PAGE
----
Race goers have a chance to step into the pages of history when they visit the library and museum in the Paddock Complex of the Members Enclosure. Open an all the days when races are held at Hyderabad, this institution’s entrance is distinguished by the visual of horses fighting out a finish.


The Hyderabad Race Club is the only Turf Club in India to have established a Racing Museum almost two decades ago. The Museum has on display plenty of interesting artefacts, photographs and books connected to Indian and international racing, including trophies and also tack of some of the famous jockeys. 

The Hyderabad Race Club is privileged to have a signed pair of Racing Goggles of the greatest icon of racing, Lester Piggott. He was kind enough to send it with a personal letter along with a copy of his Autobiography. There is also a Race Card signed by him of the 1961 St Leger which he had won on Aurelius, besides a few copies of Martini and Rossi certificates presented to him for riding a Treble at various racing centres. 

The Museum also has on display  a signed pair of goggles of jockey Ron Turcotte, who was a regular rider of the American Triple Crown Winner, Secretariat, and rode more than 3000 winners until he had a racing accident which ended his racing career. Also on display is a signed pair of goggles of the US  jockey Javier Castellano who has ridden almost 60000 winners and is going strong, and Julie Krone who rode nearly 4000 winners in the US. 

That’s not all. There are also badges of old Members and Stewards on display. Also on display is a whip of Brian Foy, the Australian jockey who at the age of 20 was the Champion Jockey at Malakpet in 1969 and Champion in Bangalore in 1970. He was branded as the "glamour boy" and rode in India for only two seasons, besides riding in eight other countries including England with great success. He initiated the formation of the Jockeys Association of India and was a Founder Member.  The whips of M Jagdish and Aslam Kader are also on display. 

What’s more, the saddle used by the famous British Jockey Sandy Barclay, on which he won all his 24 Indian Classics, is in the Museum.  Sandy Barclay was branded as 'the Wonder Boy' of British Racing and was widely regarded as the most promising jockey after Lester Piggott. He became the Champion Apprentice Jockey in England at the age of 18 and was the first jockey to Sir Noel Murless at the age of 19 in 1968. In India, he was a great success too. Besides winning over 20 Indian Classics, he won most of the major races at all the racing centres. There are also saddles of Sinclair Marshall and Robin Corner, and Richard Alford's trophy that was presented to him when he won the Invitation Cup on Midnight Cowboy.  

Racing helmets of the two Indian legends Vasant Shinde and Shamu Chavan are on display, plus a hat of Mr MA Chidambaram, former Chairman of the Madras Race Club and a very distinguished owner; and a pair of binoculars used by Suresh Mahindra, apart from the racing plates of Desert God which he had on when he  won the Indian Derby. There are also Racing Colours of leading owners on display, a cap worn by the famous British Trainer Sir Henry Cecil and the Indian legend RR Byramji.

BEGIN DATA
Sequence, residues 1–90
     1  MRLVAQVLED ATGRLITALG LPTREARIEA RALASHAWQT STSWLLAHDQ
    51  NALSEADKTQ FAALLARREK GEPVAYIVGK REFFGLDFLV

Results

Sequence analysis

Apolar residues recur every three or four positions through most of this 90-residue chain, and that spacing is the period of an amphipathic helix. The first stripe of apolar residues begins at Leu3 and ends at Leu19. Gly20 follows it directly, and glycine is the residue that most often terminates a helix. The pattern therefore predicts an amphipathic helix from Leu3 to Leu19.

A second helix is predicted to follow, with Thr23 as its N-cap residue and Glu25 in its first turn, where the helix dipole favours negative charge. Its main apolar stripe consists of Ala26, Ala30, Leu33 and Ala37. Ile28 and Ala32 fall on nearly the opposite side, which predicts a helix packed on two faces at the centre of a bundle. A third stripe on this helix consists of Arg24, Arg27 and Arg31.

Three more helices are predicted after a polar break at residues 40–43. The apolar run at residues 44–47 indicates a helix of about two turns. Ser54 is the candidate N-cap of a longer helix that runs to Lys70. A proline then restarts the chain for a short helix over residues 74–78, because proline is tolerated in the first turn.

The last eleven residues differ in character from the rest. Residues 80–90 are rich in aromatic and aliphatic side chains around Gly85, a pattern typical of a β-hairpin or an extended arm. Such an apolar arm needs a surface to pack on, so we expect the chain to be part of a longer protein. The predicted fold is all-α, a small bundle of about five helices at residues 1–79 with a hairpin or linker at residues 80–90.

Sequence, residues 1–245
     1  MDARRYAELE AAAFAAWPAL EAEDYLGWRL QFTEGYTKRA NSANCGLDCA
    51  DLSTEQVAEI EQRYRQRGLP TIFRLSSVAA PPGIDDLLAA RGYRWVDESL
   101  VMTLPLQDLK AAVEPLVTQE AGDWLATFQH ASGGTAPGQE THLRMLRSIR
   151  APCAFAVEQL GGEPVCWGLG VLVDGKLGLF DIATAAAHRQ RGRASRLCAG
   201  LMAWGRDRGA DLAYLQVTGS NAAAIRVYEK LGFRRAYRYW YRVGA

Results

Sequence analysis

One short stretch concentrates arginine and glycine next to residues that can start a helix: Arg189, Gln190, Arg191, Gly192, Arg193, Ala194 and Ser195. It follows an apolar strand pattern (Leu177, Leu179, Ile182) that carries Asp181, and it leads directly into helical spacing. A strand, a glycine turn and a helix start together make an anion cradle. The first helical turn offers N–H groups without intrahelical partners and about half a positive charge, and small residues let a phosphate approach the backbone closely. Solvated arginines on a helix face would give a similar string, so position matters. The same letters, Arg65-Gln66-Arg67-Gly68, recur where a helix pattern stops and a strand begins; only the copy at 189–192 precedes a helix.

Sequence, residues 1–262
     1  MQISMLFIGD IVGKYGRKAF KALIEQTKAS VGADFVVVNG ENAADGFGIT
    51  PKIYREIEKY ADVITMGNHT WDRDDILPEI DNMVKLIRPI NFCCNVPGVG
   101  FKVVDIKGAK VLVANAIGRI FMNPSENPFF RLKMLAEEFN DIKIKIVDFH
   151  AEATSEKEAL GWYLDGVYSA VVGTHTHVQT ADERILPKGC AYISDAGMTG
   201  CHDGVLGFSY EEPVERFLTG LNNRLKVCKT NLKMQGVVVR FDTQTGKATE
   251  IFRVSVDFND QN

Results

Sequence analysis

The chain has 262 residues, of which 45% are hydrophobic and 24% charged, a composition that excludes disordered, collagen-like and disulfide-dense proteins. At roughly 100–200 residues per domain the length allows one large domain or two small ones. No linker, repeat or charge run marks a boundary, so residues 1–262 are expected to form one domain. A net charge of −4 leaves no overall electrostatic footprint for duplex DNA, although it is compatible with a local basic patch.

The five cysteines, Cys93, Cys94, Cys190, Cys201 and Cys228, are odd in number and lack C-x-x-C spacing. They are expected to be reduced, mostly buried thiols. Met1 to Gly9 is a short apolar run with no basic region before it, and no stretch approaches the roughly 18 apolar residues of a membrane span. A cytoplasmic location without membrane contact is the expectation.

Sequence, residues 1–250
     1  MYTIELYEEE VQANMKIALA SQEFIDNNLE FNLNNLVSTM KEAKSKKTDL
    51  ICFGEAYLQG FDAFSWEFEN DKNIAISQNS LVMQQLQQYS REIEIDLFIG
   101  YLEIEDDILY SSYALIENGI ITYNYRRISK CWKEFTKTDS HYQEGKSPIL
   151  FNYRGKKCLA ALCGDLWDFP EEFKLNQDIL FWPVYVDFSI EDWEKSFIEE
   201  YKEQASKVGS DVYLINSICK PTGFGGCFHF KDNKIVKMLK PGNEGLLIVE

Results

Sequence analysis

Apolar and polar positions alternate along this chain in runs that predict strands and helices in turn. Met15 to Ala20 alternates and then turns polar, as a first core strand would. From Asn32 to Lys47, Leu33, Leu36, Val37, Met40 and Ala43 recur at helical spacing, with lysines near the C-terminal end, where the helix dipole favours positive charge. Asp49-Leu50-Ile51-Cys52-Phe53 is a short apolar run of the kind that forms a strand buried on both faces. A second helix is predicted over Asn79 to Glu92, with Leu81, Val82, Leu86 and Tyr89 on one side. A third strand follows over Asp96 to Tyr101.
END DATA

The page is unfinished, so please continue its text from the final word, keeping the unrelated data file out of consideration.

There are several interesting photographs on display. Most of the leading-in pictures of winners trained by Z Darashah and RR Byramji during their career are in the Museum. The two trainers were very kind to have presented their collection of photographs to the Museum. There are also some rare and historic  photographs on display, including one of Lester Piggott against the skeleton of the great racehorse Eclipse. 

Breeches and boots of the world's top ranked jockey Christophe Lemaire are also on display. Lemaire moved to Japan after having been a first jockey to the Aga Khan in France. He has been the leading jockey in Japan since 2014 and is branded as a "super star" in the country. He was a sensation when he rode in India, and won the Indian Turf Invitation Cup in Bangalore. 

It’s indeed an honour to have the Polo Boots of the Sixth Nizam, HH Mir Mehbub Ali Khan on display. The Malakpet Racecourse was his private property, and the only racecourse in the world in a ruler’s own house which was the Mehbub Mansion. The Seventh Nizam, HEH  Sir Osman Ali Khan was generous and kind enough to have agreed to part with the Racecourse for a very nominal amount and today the Hyderabad Race Club is the only Turf Club in India which owns the property. 

There are some old Race Cards on display, besides a copy of the Prospectus of the 1886 Hyderabad Racing Season. The Invitation Cup Trophy, an old weighing machine, and a 170 year-old horse measuring scale is also on display.  

The Museum is a treasure trove of an invaluable collection and a must for racing aficionados to put on their itinerary.


The Library of the Hyderabad Race Club  has a number of  books on racing, breeding , equestrian sports ,  books on veterinary science, racing magazines  all of which  have been collected over a number of  years..

Books on famous racehorses , jockeys , well known  personalities of racing, autobiographies of some of the jockeys and trainers , copies of Bloodstock Breeders Review, Register of Thoroughbred Stallions , copies of books on famous horses of the British Turf   of the 20s and 30s, copies of the British and European Racehorses, Stud and Stable , Blood Horse, Pacemaker, Tattersalls Auction Sale Catalogues, copies of the RWITC, BTC, HRC, MRC  Auction Sale Catalogues, the old Fonn and Co's  and Original Vel's Racing Records, and French Racing Journals are all part of the Library.



Golden Jubilee 1961 - 2011
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